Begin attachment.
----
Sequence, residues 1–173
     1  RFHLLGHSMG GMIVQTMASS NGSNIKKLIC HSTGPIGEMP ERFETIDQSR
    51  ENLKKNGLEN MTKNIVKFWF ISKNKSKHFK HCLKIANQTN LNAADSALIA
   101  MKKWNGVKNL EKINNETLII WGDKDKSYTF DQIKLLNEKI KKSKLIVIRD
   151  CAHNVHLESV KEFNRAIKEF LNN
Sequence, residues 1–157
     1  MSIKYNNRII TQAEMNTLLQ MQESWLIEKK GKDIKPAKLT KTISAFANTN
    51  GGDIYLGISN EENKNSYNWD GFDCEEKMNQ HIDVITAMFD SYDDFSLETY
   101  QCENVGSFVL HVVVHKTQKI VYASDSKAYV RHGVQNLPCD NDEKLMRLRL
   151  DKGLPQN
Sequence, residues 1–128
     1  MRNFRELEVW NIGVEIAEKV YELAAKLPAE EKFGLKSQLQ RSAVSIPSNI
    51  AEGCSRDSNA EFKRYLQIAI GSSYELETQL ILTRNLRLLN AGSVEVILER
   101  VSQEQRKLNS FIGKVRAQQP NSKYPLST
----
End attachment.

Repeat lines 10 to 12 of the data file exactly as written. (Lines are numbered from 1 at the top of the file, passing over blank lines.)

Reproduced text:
   151  DKGLPQN
Sequence, residues 1–128
     1  MRNFRELEVW NIGVEIAEKV YELAAKLPAE EKFGLKSQLQ RSAVSIPSNI